August 15, 2017
Out today: The Doll Funeral
by Melville House
Today, we’re hugely excited to be publishing Kate Hamer’s novel The Doll Funeral. In the Guardian, Melanie McGrath writes that it “evoke[s] both Jeanette Winterson and Ian McEwan,” praising “the originality of the voice and the novel’s moving mysteriousness, along with the empathy Hamer builds in the reader towards her scrappy, stubborn heroine.” She adds, “This is an elegiac and uplifting novel about the indissoluble bonds between mothers and daughters and a reminder of how the imagination can set you free.”
This is starting to feel reminiscent of the last time we published one of Kate’s books, last year’s The Girl in the Red Coat — which was, well, kind of a big deal. In the New York Times, Michiko Kakutani praised its “unsparing emotional precision.” In a starred review, Publishers Weekly called it “spectacular,” “morally complex,” and “haunting.” At Oprah.com, Dawn Raffel wrote, “Every sentence… is so perceptive that you’re torn between wanting to linger on the thought and itching to learn what happens next.” People really, really liked it.
By now, you’re probably getting impatient. We’re getting impatient. So here’s a quick excerpt from the book to get you headed to the bookstore. The first section, from 1970, focuses on the pregnant, young Anna. The next part, after a jump ahead to 1983, finds Anna’s biological daughter, Ruby, as a teen, reeling from the fresh revelation that she’s adopted…
2 January 1970
Anna takes the turn up to the main road. It’s a bright day, and the sky appears eternally high as it always does in winter when it’s clear and blue.
Fear quickens her step. She’s not had her period for—how long—she counts out loud—seven, eight weeks? Is it her imagination or does she feel a little swollen already; her flat stomach curving out slightly, visible from the side, like the bulbing of a convex mirror? She’s convinced that she can feel something tiny but determined clamping onto her insides, sticking there, strong and hardy.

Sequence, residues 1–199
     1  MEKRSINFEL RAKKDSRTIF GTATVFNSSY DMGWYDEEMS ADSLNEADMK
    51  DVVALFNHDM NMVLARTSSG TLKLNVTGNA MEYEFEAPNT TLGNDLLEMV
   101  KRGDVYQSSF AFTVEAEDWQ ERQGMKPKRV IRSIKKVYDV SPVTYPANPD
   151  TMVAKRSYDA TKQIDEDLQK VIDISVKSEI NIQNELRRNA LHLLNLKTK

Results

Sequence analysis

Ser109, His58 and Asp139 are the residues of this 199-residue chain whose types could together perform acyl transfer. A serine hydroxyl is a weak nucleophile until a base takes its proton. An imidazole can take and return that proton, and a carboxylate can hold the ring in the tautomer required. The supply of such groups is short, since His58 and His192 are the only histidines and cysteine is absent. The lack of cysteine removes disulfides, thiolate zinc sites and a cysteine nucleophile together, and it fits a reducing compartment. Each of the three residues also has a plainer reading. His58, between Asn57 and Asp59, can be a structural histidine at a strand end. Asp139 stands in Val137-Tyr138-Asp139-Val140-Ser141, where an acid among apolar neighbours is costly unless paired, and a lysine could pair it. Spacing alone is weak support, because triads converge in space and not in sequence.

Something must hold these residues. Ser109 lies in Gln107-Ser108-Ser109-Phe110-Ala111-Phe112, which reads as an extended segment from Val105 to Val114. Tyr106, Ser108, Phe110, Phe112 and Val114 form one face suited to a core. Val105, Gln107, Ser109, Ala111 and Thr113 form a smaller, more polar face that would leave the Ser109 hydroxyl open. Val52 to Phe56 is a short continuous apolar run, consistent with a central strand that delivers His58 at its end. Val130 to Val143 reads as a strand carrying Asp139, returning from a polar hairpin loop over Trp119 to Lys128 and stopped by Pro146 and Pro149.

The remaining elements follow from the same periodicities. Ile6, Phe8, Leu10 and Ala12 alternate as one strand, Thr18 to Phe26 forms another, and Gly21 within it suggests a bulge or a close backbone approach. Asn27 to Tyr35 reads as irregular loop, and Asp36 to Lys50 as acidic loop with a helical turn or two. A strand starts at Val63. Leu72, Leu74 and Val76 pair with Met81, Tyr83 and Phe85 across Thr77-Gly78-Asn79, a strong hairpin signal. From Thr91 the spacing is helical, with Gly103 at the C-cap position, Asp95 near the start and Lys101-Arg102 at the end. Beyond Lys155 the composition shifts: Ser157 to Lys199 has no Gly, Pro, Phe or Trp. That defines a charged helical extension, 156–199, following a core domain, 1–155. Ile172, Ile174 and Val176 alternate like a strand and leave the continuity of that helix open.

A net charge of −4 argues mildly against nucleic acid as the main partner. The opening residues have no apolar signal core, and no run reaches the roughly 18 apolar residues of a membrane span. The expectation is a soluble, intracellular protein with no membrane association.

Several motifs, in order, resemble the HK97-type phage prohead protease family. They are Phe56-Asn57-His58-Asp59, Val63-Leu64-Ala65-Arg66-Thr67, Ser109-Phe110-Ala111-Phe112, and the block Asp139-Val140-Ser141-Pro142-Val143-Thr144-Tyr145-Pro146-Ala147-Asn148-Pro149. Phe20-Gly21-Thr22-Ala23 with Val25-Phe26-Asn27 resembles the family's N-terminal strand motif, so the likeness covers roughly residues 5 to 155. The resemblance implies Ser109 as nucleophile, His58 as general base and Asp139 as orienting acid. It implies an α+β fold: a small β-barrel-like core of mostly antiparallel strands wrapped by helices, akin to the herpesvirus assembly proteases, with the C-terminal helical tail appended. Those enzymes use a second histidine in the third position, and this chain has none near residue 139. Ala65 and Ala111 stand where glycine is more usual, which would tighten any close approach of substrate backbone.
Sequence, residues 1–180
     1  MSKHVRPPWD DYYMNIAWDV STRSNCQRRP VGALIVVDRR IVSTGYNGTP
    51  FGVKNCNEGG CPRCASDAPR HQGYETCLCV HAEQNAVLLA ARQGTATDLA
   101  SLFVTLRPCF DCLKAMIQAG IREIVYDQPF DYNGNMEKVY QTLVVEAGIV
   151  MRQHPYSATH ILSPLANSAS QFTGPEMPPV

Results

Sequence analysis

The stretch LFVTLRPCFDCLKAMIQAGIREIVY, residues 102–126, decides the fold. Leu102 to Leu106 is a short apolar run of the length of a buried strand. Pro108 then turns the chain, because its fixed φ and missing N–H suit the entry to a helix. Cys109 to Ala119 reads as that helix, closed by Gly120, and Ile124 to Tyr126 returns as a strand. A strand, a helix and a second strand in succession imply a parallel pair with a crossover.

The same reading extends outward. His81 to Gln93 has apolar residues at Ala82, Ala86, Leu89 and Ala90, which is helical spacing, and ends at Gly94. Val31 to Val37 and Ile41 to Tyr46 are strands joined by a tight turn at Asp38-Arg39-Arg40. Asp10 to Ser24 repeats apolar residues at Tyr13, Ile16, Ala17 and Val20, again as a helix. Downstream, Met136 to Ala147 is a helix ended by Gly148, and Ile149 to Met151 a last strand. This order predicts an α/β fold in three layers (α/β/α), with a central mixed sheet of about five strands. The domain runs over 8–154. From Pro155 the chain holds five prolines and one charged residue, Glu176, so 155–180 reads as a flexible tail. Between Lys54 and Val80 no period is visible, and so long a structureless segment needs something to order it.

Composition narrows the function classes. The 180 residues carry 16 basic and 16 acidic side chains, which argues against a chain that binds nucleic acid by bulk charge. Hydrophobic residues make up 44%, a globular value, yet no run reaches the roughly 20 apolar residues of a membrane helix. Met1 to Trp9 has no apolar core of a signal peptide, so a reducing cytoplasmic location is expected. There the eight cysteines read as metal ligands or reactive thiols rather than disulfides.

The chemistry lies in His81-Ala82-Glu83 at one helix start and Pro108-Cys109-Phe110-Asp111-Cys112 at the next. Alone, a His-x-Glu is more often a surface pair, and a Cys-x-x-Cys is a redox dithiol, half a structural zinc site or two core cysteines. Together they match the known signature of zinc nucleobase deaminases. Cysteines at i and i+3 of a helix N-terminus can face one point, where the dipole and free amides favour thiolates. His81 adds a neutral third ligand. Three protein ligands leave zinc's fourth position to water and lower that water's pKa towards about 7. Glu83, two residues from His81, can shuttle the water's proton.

She shoves her hands deep in her pockets as she passes the telegraph pole and the shed by the side of the road. The copper beech is winter threadbare now. Old Turner used to be there every day with his fold-out chair and thermos. He’d built the shed himself — back at the dawn of time. He puttered about on the common land, growing potatoes, swedes, cabbages, half of which he gave away. Nobody cared: things were freer when Anna was a child. Today there’d probably be a council eviction for building without planning. Now the structure looks ready to collapse, so she sidesteps it in case it happens the moment she passes.
She walks faster, making her boots ring out on the road and swinging her arms vigorously beside her. Perhaps she can break the thing loose, shake it out from its soft, pink nest. She starts trotting, purposely banging the soles of her feet onto the rough country road so the vibrations jar through her body; as the hill steepens she turns the trot into a run—a hobbled movement because of her skirt. At the top of the valley road she stops, cheeks flushed, out of breath, and looks out at the forest below. Bare branches bend and creak in the breeze. She checks her body again, exploring her stomach in its pencil skirt with her fingers. No, it’s still there; she knows it’ll take much more than a brisk run to break this loose. It’s much stronger than she is.
23 August 1983
I felt sure, the more I thought of it (and that’s about all I’d been thinking of since my birthday), that my real parents did not want to give me up. I expected that went double for my mother because mothers shouldn’t want to give their children away. I refused to believe it could’ve been easy. There must have been a reason for it, something completely terrible. They’d chosen my name, Ruby, and—the way I saw it—why would you choose a name like that for a child you didn’t want?